Richard Howells, VP of Solution Management for Digital Supply Chain at SAP, answers questions about the benefits and challenges of subscription-based retailing models.
Q: What are the benefits of a subscription-based retail model? Is this generally a good business decision for retailers?
Richard Howells: To remain competitive in the digital world of online shopping and one-day deliveries, subscription-based retail models are growing in popularity, and are on the front lines of the movement towards consistent, incremental value for consumers. In the retail world, the modern consumer is afraid of commitment — with 67% of shoppers checking the returns page before making a purchase, it’s clear that shoppers want to be able to return whatever they order directly after they order it, and “final sale” labels are enough to make them break into a cold sweat. Retailers offering subscription-based models are catering to this modern consumer by allowing them to shop with “no strings attached.” They can try on clothes or test products in the comfort of their own home, offering convenience, flexibility and the novelty of having a personalized experience.
On top of appeasing consumer’s needs, subscription-based models offer several benefits for retailers as well. Brands can learn a lot about their shoppers from what they decide not to keep from their subscription box. AI and machine learning can be applied to help companies understand and predict what their consumers like, and eventually reduce the amount of returns coming back from a subscription service.
Q: How do supply chains need to scale to accommodate subscription retailers? What are the major differences between a normal retail supply chain and one that sends out monthly subscriptions?
Howells: The volume of shipments will grow as the size of shipments shrink with a direct-to-consumer subscription model. This means that depending on how a brand approaches a subscription model supply chain, they can either use retail stores as a distribution center or leverage large warehouses that ship both to retail shops and direct to consumers. Either way, brands will have to shift their logistics model to serve a new type of fulfillment strategy, in order to accommodate a subscription model that breaks the mold of a traditional retail supply chain.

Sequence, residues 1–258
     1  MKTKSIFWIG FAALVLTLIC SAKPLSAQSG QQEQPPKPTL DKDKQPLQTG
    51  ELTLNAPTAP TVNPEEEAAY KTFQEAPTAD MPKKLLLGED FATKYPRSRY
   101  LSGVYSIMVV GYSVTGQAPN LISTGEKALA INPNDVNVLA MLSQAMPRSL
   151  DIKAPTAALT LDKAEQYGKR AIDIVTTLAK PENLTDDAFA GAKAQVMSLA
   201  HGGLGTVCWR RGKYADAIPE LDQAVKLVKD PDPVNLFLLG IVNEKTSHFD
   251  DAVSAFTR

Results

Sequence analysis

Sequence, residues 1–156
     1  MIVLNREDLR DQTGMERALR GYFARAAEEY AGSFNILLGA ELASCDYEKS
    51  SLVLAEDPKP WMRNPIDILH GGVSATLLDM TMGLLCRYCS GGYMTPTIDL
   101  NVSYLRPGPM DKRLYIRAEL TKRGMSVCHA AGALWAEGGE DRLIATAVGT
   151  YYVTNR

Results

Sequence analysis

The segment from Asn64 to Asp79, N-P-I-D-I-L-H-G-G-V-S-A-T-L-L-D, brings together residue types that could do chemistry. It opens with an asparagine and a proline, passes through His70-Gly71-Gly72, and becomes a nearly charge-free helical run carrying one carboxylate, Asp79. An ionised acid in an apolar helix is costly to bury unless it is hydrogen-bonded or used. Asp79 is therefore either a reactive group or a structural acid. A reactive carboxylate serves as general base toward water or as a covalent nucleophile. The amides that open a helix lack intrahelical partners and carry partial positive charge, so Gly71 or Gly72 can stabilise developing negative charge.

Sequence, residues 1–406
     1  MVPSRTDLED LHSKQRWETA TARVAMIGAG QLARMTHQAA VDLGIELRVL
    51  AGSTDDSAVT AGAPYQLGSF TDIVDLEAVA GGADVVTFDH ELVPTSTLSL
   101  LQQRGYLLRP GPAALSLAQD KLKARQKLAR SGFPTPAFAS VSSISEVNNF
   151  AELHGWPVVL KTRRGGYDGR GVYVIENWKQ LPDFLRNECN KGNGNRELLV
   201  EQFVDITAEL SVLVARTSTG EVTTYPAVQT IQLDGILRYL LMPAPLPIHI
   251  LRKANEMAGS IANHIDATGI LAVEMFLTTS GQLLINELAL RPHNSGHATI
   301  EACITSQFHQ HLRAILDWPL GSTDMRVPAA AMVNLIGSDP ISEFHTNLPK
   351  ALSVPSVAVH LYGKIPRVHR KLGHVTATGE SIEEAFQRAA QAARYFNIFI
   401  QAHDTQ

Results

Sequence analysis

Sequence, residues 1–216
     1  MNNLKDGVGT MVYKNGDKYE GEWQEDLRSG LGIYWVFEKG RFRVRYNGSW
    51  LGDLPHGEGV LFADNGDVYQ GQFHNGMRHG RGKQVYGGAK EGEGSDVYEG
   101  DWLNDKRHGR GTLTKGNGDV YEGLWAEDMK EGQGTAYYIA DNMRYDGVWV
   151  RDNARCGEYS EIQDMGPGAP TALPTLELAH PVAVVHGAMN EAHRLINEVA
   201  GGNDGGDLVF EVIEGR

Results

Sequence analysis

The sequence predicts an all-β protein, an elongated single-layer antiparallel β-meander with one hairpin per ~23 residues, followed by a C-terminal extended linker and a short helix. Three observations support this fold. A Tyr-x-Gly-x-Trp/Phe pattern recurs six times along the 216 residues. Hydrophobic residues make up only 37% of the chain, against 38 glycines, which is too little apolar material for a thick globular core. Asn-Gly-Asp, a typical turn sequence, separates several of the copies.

Additionally, brands will have to drive more intelligence into the picking of items they send, based off of the clothes that come in through returns. This is not a repetitive supply chain, as every box is unique and handpicked for the customer, giving brands better visibility at the individual level for buying patterns. Supply chains in these circumstances must determine how to minimize costs and maximize customer service to provide a unique and tailored subscription service.
Q: How sustainable are subscription retail models compared to regular e-Commerce? What are the factors that contribute to this and how can brands address these areas of waste?
Howells: Embracing subscription models requires a shift in your logistics model, which will inevitably impact your carbon footprint. By default, with more regular and unique shipments, there will be more emission costs (transportation, packaging, etc.).
Consumers are drawn to brands with sustainable practices — according to Nielsen’s 2015 Global Corporate Sustainability Report, 66% of consumers would spend more on a product if it came from a sustainable brand. With customers putting an increasing focus on sustainability, brands looking to embrace new retail models (like subscription services) cannot afford to ignore sustainability as a priority. The ultimate goal for retailers should be to decrease the packaging materials and waste that accompanies each order/subscription box.